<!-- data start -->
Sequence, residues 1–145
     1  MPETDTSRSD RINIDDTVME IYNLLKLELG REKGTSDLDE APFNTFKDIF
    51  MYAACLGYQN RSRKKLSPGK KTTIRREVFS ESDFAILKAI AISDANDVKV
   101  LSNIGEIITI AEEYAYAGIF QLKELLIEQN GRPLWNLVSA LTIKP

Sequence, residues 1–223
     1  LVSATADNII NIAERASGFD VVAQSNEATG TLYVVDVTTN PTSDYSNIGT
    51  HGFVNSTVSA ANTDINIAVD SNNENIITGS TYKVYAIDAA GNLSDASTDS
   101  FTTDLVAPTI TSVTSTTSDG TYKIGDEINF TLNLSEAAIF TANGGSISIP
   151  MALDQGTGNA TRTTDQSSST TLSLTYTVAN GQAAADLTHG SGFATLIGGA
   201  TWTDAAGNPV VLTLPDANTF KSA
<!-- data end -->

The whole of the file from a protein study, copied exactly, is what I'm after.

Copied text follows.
Sequence, residues 1–145
     1  MPETDTSRSD RINIDDTVME IYNLLKLELG REKGTSDLDE APFNTFKDIF
    51  MYAACLGYQN RSRKKLSPGK KTTIRREVFS ESDFAILKAI AISDANDVKV
   101  LSNIGEIITI AEEYAYAGIF QLKELLIEQN GRPLWNLVSA LTIKP

Sequence, residues 1–223
     1  LVSATADNII NIAERASGFD VVAQSNEATG TLYVVDVTTN PTSDYSNIGT
    51  HGFVNSTVSA ANTDINIAVD SNNENIITGS TYKVYAIDAA GNLSDASTDS
   101  FTTDLVAPTI TSVTSTTSDG TYKIGDEINF TLNLSEAAIF TANGGSISIP
   151  MALDQGTGNA TRTTDQSSST TLSLTYTVAN GQAAADLTHG SGFATLIGGA
   201  TWTDAAGNPV VLTLPDANTF KSA